2014-05-26 11.00.10

2014-05-26 11.04.06

 

2014-05-26 11.01.26

This burrito is very tasty and perfect for brunch as it will definitely keep you full all day!

Strawberries & Cream Sponge Cake

I have imposed a  baking ban for May at work because so many of us have birthday’s this month. When it is someone’s birthday, like in a lot of workplaces, they bring in some goodies. Due to this I said that I wouldn’t bring anything in because we would have so much food already so we didn’t need anything extra.

When I decided this, I didn’t realise how much I would miss baking every weekend. I now come up with any excuse to bake for my family. This weekend, Rien’s Nan and brother are coming for the day so I instantly started thinking of recipes. I finally decided on a variation of a Victoria sponge by Anna Olsen (I love watching her baking shows) which uses fresh cream and strawberries. I liked this recipe because it swaps the usual buttercream for fresh cream and I’m not a big fan of buttercream.

They were due to arrive on Saturday morning so I thought I would get a step ahead and make the cake on Friday night. As I was following the recipe I was thinking it seemed a little odd. When I tried to take the cake out of the tins I realised something had gone very wrong. It was very thin and a dense, rubbery texture so it went straight in the bin. I have no idea what went wrong because I thought I had followed the recipe exactly but obviously not! I had to have my first disaster at some point!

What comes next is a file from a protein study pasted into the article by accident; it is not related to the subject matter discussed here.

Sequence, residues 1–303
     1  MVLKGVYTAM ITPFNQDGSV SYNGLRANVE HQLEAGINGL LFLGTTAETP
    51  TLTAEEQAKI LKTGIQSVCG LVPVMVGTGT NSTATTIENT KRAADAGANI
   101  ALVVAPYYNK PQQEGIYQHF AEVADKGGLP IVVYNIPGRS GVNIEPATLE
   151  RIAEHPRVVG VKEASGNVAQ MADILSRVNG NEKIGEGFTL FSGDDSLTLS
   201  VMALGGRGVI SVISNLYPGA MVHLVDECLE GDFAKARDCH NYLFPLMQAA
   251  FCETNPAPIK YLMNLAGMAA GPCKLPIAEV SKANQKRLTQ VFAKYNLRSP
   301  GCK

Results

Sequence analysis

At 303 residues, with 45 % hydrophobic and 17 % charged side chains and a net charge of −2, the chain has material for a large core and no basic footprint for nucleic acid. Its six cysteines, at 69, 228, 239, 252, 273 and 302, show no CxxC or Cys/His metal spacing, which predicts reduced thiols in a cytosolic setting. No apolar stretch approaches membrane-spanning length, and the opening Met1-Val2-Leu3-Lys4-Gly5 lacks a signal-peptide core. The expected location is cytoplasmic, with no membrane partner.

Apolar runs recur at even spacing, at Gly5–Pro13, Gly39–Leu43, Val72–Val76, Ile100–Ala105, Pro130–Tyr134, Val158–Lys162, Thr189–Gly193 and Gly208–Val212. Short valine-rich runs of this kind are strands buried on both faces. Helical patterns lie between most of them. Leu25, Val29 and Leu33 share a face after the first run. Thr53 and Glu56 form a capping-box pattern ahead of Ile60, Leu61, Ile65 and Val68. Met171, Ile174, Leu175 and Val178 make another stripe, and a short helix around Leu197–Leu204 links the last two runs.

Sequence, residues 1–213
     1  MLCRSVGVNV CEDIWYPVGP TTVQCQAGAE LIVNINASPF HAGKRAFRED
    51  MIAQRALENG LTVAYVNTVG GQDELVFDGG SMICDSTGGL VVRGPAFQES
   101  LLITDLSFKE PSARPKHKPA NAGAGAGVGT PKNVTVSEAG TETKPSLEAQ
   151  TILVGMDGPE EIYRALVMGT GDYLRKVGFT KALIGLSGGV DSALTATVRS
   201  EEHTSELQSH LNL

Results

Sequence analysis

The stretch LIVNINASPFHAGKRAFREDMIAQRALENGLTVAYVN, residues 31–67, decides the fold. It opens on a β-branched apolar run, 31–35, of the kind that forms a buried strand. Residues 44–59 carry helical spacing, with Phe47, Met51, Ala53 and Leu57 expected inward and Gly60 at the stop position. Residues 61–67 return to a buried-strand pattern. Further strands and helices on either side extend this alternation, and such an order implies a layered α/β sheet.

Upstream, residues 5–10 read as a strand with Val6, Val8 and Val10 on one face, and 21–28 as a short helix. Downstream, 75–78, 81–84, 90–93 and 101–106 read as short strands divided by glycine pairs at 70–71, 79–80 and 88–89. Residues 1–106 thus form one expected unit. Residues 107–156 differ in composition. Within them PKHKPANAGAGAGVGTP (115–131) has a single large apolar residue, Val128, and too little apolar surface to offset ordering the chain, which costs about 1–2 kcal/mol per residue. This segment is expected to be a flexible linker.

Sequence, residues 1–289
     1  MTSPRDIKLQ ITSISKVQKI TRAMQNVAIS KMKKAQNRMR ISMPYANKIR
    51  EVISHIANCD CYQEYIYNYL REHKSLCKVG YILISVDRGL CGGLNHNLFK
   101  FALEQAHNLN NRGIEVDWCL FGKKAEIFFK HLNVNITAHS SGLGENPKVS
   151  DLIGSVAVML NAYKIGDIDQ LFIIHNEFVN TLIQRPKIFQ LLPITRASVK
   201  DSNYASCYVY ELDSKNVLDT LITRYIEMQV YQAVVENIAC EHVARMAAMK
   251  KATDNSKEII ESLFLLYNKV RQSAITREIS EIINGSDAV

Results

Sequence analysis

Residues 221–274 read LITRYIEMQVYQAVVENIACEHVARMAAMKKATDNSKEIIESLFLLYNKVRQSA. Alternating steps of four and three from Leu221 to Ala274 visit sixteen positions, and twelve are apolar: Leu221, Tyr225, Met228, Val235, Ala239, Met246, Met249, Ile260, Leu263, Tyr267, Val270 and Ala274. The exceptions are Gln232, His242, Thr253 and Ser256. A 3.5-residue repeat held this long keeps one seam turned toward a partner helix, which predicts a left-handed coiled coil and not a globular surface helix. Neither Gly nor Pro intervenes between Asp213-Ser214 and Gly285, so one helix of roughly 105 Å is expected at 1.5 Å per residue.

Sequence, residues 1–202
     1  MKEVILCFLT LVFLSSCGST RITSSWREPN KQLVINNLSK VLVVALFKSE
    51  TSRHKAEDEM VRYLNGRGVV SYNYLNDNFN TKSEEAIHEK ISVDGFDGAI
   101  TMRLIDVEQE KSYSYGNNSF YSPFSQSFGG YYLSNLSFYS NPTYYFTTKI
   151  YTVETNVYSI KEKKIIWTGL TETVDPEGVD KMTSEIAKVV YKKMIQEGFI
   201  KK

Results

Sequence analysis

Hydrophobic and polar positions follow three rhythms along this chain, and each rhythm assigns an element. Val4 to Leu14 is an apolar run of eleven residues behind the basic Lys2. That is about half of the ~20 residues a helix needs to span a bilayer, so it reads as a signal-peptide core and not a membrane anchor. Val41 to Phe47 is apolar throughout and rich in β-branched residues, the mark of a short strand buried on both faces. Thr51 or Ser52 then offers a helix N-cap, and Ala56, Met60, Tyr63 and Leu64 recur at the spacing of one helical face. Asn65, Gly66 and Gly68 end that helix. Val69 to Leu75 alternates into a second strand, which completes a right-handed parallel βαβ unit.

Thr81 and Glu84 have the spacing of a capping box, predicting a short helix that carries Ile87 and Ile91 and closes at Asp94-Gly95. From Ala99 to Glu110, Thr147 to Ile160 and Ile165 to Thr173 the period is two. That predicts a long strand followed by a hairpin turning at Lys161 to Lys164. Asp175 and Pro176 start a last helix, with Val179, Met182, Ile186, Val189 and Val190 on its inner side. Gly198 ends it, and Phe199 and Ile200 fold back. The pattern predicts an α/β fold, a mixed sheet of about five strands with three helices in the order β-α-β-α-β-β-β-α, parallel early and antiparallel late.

I decided to admit defeat and try again in the morning but with a different recipe. For the second attempt I used a classic Victoria sandwich recipe (http://www.bbcgoodfood.com/recipes/1997/classic-victoria-sandwich). This turned out far better! I merged the two recipes by using the filling from Anna Olsen’s recipe to go with the classic Victoria sandwich. This combination was definitely a success with Rien’s Nan who said it was out of this world. She was a very happy lady!

 I apologise for the mix of cups and metric measurements!

 For the cake:
200g caster sugar
200g butter
4 eggs
200g self raising flour
1 tsp baking powder
2 tbsp milk

  1. Heat the oven to 190ºC and line two 20cm sandwich tins
  2. Beat all of the ingredients together until you have a smooth batter
  3. Divide the batter equally between the two tins and bake in the oven for 20 minutes
  4. When cooked, leave to cool completely on a wire rack

For the filling:
1 1/2 cups whipping cream
125g full fat cream cheese
1/3 cup caster sugar
1/2 tsp lemon zest
2 tbsp lemon juice
1 tsp vanilla extract